Elaborating, Joe adds, “The thriller just by nature tends to be more intimate than an adventure movie because it’s being driven on character-based plot twists—you’re dealing with a really complex relationship between Cap and Fury, a really complex relationship between Cap and Natasha—and those relationships play out as you head into the third act, where the heroes have a joint goal. And you’re hoping that you’ve planted those seeds properly, so that when the adventure component takes over, the audience is emotionally invested, and ready to go on that journey with you for the last thirty minutes.”

Comments Anthony, “It’s fun to combine two elements that are incongruous. You’re like a scientist mixing together compounds that you’re not quite sure how they’re going to react. A thriller film and an adventure film. Handheld vérité versus the more pre-meditated shots of the third act. This has been a driving force in our careers, from ‘Arrested Development’  to ‘Community’—the desire for experimentation.”

Stepping into a film with characters that are already established did not faze the Russo brothers. “It was easy for a couple of reasons,” relates Anthony. “One of which is that we have a strong history in television, where you’re dealing with moving in and out of different stories with different characters that have been pre-established. Secondly, the actors are all amazing people and amazing actors. They made it easy for us to connect with them, to talk about what we loved about what they had done in the past and what new colors we thought they could bring to this movie.”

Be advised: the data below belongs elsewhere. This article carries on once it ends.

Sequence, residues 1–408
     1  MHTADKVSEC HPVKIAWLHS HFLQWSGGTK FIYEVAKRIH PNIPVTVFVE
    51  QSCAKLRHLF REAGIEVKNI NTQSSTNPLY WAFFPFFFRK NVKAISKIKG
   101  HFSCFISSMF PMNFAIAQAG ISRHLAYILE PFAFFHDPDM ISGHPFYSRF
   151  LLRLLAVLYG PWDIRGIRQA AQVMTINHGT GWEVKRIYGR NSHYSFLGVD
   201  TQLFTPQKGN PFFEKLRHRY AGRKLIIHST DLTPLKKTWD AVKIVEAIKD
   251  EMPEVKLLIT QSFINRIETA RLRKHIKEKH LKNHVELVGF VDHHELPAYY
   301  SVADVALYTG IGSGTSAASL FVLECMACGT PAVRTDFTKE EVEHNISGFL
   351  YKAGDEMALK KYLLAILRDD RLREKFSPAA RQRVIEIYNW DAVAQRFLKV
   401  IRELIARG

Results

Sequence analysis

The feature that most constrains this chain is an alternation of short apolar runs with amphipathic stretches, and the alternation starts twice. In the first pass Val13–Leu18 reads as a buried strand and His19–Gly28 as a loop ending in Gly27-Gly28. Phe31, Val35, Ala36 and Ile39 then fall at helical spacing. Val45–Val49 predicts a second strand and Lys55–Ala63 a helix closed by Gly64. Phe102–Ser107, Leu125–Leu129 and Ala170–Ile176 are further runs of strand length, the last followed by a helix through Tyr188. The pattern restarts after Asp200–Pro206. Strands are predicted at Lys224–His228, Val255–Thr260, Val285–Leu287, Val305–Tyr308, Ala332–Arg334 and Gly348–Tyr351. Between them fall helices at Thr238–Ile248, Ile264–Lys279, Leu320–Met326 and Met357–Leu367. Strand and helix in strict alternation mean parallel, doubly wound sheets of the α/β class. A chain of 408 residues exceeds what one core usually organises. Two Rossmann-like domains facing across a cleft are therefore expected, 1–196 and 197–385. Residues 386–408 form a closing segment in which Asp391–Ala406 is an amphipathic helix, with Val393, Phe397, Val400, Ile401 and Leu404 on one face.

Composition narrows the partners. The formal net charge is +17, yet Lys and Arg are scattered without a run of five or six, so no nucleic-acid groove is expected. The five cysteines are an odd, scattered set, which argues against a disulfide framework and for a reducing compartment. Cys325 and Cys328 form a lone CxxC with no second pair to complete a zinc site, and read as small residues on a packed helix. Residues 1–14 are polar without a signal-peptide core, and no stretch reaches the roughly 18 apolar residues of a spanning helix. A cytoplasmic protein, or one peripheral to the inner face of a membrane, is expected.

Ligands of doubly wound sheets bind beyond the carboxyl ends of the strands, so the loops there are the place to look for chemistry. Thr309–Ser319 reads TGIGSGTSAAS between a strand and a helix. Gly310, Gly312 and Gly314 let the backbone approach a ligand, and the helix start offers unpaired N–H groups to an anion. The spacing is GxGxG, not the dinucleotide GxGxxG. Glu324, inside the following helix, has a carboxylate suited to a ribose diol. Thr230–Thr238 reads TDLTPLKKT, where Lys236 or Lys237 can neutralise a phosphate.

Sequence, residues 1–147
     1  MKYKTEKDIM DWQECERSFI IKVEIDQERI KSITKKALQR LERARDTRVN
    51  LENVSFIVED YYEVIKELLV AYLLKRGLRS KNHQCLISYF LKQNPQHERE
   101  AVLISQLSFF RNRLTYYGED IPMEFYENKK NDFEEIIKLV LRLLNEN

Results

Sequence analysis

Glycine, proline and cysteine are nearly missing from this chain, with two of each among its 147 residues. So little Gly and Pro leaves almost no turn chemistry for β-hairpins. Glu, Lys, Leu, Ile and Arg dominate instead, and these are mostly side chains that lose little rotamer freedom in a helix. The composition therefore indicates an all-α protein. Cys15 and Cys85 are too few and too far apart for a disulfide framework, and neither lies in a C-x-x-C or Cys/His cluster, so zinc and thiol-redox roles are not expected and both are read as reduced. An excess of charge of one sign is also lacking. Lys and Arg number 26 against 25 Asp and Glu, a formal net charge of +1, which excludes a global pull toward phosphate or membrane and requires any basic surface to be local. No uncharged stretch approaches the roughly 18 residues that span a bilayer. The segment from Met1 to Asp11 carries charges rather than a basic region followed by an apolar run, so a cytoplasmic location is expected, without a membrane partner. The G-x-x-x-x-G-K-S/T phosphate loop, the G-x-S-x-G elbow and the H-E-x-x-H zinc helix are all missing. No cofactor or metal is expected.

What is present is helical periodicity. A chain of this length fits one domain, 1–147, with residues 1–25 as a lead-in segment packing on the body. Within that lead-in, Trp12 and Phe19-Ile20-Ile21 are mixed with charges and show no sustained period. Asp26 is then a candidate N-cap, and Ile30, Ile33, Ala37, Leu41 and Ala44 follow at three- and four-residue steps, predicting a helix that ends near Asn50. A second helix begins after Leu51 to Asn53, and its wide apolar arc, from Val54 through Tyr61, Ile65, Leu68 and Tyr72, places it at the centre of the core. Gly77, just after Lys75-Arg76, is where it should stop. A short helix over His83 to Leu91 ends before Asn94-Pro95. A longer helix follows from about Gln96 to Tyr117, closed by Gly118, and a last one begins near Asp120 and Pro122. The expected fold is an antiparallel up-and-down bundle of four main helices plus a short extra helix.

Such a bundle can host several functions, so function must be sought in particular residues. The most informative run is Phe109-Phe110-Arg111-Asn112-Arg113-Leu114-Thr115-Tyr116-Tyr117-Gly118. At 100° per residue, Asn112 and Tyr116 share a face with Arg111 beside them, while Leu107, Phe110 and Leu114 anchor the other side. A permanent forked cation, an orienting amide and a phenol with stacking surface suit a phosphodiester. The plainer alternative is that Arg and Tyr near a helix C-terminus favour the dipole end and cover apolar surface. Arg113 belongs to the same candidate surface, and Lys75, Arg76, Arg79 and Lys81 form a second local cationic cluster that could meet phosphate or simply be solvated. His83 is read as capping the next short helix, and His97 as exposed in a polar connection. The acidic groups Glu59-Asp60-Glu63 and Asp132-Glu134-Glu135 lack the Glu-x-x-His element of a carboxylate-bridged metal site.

“The first movie in a franchise is about establishing the heroes and the second movie is about putting the heroes against the ropes,” adds Joe Russo. “This film is a much grittier story than any Marvel movie to date and we really wanted to try something different. We felt like it was our job to add something to the Marvel universe that they can then use as a tool going forward in Phase 2.”

Chris Evans comments on his directors, saying, “They have done a really good job with our film; none of the other Marvel movies were shot the way this movie was shot. The majority of this movie is handheld and that’s just a really interesting approach to a Super Hero movie. The plot is more like the political thriller but the way they’re capturing it is really different and unique.”

Robert Redford was attracted to the sensibility of directors Anthony and Joe Russo, and relates, “They’re very respectful yet they also take no prisoners. They have a very strong idea of what they want to do and they’re committed to doing it in their own way. I like that. They have a vision for this film that’s theirs. I also appreciate it when a filmmaker has a vision that they stay connected to and enforce to the best of their abilities.”

From an actor’s point of view, working for directors Anthony and Joe Russo was a positive experience for Anthony Mackie. “Both of them have very good actor vocabulary, which a lot of directors don’t have,” relates Mackie. “They really have the ability to talk to you and break down a scene and tell you why you’re doing what you’re doing, and not too many directors can do that.”